We are pleased to present below all posts archived in 'March 2011'. If you still can't find what you are looking for, try using the search box.
Even if the Church is beset by problems, it is still a gift of God, Pope Benedict told several hundred pastors of Rome parishes.
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A British court has effectively disqualified a couple from becoming foster parents because of their Christian views on premarital and homosexual intercourse.
For the past 60 years, teachers and administrators at St. Augustine High School in New Orleans have wielded an 18-inch-long wooden paddle to administer corporal punishment to students for tardiness, sloppy uniform dress or other minor rules infractions.
Irish Catholic leaders formally announced plans for the 50th International Eucharistic Congress.
Frequently, the Christian outlook is characterized as a comforting collection of certitudes that preserve adherents from doubt and save them from the hard toil of self-analysis. Religious dogmas are shrouded in mystery and beyond rational verification, but are guaranteed by power of an all-knowing authority. The fruits of such certainty are intolerance, intellectual servitude and self-righteousness.
One reason why we don't often find a good Christian apologetics today is because so many of our best theologians write at such a level of academia that their thoughts are not accessible to the ordinary person in the pews. Apologists like C.S. Lewis and G.K. Chesterton are rare. We have great thinkers in theology today, but unfortunately many of them cannot be profitably read outside of academic settings.
If we confine our acquaintance with the Gospels to the readings set out for the Masses, we run a risk of missing an interesting something, namely the difference in the writing style of the evangelists, Matthew, Mark, Luke and John.
By way of example: Reading the complete Gospel of Luke and that of John makes the point. Luke's Gospels, often so spare in their details can occasionally read like a police report, like a response to Sgt. Joe Friday's challenge to witnesses in Dragnet, that TV series of long ago. "All we want are the facts," he would growl.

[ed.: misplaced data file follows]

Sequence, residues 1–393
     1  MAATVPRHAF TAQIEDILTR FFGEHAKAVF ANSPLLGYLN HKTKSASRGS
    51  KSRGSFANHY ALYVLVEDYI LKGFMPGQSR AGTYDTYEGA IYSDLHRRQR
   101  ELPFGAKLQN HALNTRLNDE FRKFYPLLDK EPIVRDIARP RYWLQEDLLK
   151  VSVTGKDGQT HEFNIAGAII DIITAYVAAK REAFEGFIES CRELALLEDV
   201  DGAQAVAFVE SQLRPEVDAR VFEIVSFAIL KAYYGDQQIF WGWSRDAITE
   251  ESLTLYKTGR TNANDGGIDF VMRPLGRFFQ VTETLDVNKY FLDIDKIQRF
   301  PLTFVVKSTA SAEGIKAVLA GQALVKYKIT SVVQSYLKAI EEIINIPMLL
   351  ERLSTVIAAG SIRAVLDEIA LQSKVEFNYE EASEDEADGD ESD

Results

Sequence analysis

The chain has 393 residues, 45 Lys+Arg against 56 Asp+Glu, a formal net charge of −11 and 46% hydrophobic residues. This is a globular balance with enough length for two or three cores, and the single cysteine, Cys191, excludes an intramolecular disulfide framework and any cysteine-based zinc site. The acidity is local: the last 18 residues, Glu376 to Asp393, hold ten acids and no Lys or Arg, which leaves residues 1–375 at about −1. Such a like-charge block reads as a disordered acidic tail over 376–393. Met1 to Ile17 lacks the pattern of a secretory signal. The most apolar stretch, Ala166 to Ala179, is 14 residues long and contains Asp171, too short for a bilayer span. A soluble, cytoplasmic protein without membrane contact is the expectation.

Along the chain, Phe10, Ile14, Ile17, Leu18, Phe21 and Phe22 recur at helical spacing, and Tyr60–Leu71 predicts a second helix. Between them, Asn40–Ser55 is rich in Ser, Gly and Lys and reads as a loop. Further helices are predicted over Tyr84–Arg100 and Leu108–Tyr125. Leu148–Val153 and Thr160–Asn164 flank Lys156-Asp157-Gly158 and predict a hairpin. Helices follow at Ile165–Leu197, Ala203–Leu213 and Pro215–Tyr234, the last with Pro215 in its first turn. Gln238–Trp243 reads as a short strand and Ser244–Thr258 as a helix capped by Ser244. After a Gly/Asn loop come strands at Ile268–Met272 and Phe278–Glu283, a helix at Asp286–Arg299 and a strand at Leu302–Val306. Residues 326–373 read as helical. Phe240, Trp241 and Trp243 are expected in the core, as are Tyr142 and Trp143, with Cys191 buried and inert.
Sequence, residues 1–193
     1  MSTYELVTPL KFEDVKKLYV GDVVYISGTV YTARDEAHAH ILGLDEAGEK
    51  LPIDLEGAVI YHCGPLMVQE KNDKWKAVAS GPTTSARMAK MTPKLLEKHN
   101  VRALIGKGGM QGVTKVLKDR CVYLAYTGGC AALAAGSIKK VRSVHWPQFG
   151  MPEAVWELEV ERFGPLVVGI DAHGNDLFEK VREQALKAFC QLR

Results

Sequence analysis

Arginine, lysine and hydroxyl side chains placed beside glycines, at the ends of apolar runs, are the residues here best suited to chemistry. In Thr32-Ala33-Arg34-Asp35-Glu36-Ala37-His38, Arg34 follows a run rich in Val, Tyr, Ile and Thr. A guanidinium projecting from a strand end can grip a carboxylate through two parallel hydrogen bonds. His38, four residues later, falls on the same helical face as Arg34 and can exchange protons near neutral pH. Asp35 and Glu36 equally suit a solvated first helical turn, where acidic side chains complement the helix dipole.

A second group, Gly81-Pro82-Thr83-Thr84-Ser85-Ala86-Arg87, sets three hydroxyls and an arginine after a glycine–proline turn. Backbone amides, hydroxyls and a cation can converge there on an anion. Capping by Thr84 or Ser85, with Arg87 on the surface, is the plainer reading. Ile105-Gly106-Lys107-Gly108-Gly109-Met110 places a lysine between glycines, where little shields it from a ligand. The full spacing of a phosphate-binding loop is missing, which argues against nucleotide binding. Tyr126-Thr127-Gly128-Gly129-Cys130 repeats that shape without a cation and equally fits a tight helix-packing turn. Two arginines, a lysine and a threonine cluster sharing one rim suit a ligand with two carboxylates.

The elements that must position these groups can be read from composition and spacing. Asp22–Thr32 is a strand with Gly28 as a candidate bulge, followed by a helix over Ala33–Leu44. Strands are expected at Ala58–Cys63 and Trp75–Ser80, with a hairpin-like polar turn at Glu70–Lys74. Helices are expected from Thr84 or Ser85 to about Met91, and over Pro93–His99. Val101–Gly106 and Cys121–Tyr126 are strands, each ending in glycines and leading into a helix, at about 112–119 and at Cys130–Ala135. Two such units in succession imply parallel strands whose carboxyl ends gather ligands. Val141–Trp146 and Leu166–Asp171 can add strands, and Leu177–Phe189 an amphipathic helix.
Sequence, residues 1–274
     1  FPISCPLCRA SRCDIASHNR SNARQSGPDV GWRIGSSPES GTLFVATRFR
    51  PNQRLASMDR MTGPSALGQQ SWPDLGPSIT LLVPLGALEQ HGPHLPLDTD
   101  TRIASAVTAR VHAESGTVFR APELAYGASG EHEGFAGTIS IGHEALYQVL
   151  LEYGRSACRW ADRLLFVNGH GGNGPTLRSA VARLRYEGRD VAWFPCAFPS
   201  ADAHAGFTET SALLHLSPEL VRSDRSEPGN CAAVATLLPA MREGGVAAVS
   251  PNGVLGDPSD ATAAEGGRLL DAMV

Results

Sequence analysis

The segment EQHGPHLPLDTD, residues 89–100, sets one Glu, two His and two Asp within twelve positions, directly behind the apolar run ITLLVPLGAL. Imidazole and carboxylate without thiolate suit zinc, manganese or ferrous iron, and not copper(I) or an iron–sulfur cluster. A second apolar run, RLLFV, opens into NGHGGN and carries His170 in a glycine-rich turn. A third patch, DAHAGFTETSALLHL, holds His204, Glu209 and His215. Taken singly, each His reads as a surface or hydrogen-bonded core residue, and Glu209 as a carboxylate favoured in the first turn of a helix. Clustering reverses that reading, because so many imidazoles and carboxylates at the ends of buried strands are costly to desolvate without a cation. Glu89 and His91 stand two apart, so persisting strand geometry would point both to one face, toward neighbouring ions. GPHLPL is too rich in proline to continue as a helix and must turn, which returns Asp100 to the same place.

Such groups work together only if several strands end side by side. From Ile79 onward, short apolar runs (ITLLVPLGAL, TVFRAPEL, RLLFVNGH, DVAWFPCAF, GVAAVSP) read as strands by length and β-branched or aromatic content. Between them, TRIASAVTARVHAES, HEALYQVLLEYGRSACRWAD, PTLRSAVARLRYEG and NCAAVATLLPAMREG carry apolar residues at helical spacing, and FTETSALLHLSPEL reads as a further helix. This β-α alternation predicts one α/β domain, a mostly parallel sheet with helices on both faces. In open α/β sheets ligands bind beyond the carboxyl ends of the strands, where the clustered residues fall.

One of the great problems I have faced in my Christian walk is that of grasping the enormity of God's love. Quite simply, I can not internalize or understand the immense love behind the cross. For Christ to willingly suffer and die to save someone such as me is too much for my puny mind to comprehend. I must simply accept that it is true. It is a mystery that confounds me.
Easter breaks my heart. How can I possibly repay Christ for what he has done for me? It is impossible. All I can do in response by surrendering to Christ's perfect love is to try to love him in return.
In this column I raise everyday ethical issues. Occasionally, unique ethical quandaries trigger reflection as in last month's column around boundary setting without judging or abandoning people living with addictions.
But certainly all of us can relate to managing another moral boundary — accepting gifts that come with strings attached. In this case, how do we ensure gift-giving practices do not cause us to abandon our own integrity?
Why does Pope Benedict bother to write books? Long before his election to the See of Peter he was established as a leading theologian of his generation. Being universal pastor of the Church is a crushing job, so why add to it by embarking on a massive scholarly project?
Evidently the pope enjoys writing theology. The deeper reason though is that Benedict knows, with all humility, that he is better at it than anyone else. Just as the soon-to-be-Blessed John Paul II knew that he had a special gift for leading massive, history-changing public manifestations of the faith, Benedict likely concludes that if the Lord wanted him as pope then he should do what God gave him the talent to do.